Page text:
0
Get Alert
Please Wait... Processing your request... Please Wait.
You must sign in to sign-up for alerts.

Please confirm that your email address is correct, so you can successfully receive this alert.

1
Letters   |    
HIV/AIDS and Serious Mental Illness: A Risky Conclusion: In Reply
Jonathan D. Prince, Ph.D.; James Walkup, Ph.D.; Ayse Akincigil, Ph.D.
Psychiatric Services 2012; doi: 10.1176/appi.ps.631202r
View Author and Article Information

Copyright © American Psychiatric Association

In Reply: We thank Dr. Cournos and her colleagues for their letter. We share their belief that clinicians and policy makers should interpret these (or any) findings with due regard for data limitations. In our article, we frequently noted the limitations of our data, and we welcome the opportunity to elaborate.

Although we view the existing literature as too limited and variable to draw firm conclusions about differences in HIV testing rates for the groups studied, we agree that rates are likely to be higher among persons with a substance use disorder, and we specifically cautioned that “the increased likelihood of HIV testing found among people with mental illness who have substance abuse problems” could have influenced our findings. However, although differential testing may have had some influence on the significant elevations of new HIV diagnoses found in the substance use disorder groups, this does not convince us to dismiss questions raised by the finding of notably low rates of new HIV diagnoses among persons with severe mental illness but no substance use disorder, particularly because the findings resemble the pattern found for schizophrenia and HIV in a prior study using administrative data (1). Even if people with a substance use disorder diagnosis are more likely to get tested for HIV, this does not explain why patients who had only serious mental illness were 23% less likely to acquire an HIV diagnosis than those with no serious mental illness and no substance use disorder diagnosis.

More generally, we do not find it difficult to imagine a subgroup of people with serious mental illness but without a substance use disorder who, perhaps as a result of stigma and social isolation, have such limited social contact that HIV transmission opportunities are few. Yet despite this possibility, which would be consistent with study findings, we specifically noted that we also find it clinically plausible that some symptoms of serious mental illness might in themselves increase risk for those without a substance use disorder. (It is possible, for example, that claims data might fail to detect risk elevations from a risk-increasing symptom that somehow also simultaneously decreased the odds of testing.) As we noted in the article, this clinical plausibility means that definitive conclusions should not be drawn without further research, and we several times stressed that HIV-related prevention and services should be part of treatment for all patients with serious mental illness.

New and different data can always clarify or correct claims made for previous findings, and we agree that routine testing can shed new light going forward. Institutional challenges of implementation will likely mean that these data will also have limitations to be considered, and they cannot provide information on the period we studied. However, we hope that testing data will tell us more about risk and infection rates among groups of persons with serious mental illness whose substance use is too limited, intermittent, or covert for them to acquire a substance use disorder diagnosis. More important, routine testing can speed effective treatment to people with HIV.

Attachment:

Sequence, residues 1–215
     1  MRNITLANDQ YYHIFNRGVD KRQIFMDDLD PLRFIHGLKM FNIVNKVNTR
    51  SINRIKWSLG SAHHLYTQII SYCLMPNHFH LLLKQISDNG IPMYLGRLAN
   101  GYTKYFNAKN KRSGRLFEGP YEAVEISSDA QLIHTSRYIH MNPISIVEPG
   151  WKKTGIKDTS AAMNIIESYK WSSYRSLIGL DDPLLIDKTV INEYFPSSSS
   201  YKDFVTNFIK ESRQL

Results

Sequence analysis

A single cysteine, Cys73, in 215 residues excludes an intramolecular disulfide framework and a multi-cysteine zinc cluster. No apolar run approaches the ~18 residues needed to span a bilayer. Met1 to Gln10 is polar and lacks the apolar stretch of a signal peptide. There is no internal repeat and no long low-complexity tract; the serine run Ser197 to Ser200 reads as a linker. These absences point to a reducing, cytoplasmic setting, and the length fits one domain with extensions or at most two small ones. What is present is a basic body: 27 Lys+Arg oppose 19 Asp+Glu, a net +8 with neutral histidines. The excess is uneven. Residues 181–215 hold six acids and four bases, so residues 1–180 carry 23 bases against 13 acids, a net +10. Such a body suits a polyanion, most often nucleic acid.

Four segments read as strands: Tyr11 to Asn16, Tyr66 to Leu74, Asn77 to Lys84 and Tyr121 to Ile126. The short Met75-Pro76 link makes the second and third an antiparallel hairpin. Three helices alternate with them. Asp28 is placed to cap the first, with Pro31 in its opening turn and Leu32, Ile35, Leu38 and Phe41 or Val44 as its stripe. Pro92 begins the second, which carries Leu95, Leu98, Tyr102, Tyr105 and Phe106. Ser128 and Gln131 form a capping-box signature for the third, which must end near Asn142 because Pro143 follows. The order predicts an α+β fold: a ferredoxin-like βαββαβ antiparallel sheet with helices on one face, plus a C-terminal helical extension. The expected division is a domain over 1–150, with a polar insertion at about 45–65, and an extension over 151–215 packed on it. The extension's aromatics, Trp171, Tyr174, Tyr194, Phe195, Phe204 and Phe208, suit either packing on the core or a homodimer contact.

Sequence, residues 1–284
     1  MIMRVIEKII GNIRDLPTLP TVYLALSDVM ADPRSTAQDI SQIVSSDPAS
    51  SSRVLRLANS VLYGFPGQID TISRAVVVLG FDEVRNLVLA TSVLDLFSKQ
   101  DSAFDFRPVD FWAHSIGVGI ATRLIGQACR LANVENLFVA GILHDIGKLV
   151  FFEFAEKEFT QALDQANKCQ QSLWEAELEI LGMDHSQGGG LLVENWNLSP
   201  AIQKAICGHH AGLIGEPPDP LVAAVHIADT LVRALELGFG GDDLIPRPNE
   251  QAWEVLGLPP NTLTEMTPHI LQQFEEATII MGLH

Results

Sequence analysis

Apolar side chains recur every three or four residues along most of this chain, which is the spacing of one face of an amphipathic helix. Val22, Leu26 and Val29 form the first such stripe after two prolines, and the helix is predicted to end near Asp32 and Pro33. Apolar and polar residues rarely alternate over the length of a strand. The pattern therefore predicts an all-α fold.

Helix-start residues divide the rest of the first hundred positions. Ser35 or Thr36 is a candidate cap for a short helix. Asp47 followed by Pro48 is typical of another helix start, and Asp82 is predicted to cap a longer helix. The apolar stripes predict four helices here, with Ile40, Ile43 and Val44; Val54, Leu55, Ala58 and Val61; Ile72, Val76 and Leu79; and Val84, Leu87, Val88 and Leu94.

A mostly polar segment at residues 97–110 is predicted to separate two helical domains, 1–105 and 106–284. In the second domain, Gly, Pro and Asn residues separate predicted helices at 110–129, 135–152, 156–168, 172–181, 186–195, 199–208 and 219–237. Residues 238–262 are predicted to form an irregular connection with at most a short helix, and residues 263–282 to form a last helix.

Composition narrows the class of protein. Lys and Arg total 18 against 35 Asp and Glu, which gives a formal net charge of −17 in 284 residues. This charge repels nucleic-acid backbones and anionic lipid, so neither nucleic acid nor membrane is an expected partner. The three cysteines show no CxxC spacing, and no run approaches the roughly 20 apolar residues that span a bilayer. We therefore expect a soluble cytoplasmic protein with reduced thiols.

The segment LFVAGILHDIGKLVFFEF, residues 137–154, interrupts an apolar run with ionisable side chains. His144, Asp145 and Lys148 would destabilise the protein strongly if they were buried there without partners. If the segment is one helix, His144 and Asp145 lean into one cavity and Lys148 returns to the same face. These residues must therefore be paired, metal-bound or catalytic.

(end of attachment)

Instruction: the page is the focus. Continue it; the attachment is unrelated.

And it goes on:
Himelhoch  S;  McCarthy  JF;  Ganoczy  D  et al:  Understanding associations between serious mental illness and HIV among patients in the VA Health System.  Psychiatric Services 58:1165–1172, 2007
[CrossRef] | [PubMed]
 
References Container
+

References

Himelhoch  S;  McCarthy  JF;  Ganoczy  D  et al:  Understanding associations between serious mental illness and HIV among patients in the VA Health System.  Psychiatric Services 58:1165–1172, 2007
[CrossRef] | [PubMed]
 
References Container
+
+

CME Activity

There is currently no quiz available for this resource. Please click here to go to the CME page to find another.
Submit a Comments
Please read the other comments before you post yours. Contributors must reveal any conflict of interest.
Comments are moderated and will appear on the site at the discertion of APA editorial staff.

* = Required Field
(if multiple authors, separate names by comma)
Example: John Doe



Related Content
Books
The American Psychiatric Publishing Textbook of Psychiatry, 5th Edition > Chapter 38.  >
The American Psychiatric Publishing Textbook of Geriatric Psychiatry, 4th Edition > Chapter 10.  >
Dulcan's Textbook of Child and Adolescent Psychiatry > Chapter 32.  >
Dulcan's Textbook of Child and Adolescent Psychiatry > Chapter 32.  >
Dulcan's Textbook of Child and Adolescent Psychiatry > Chapter 32.  >
Topic Collections
Psychiatric News
Read more at Psychiatric News >>
APA Guidelines
PubMed Articles
Reports: HIV Drugs Targeted for Black Market. JAMA 2014;312(11):1086-1087.
Voice, Boundary Work, and Visibility in Research on Sex Work in Morocco. Med Anthropol Published online Sep 16, 2014.;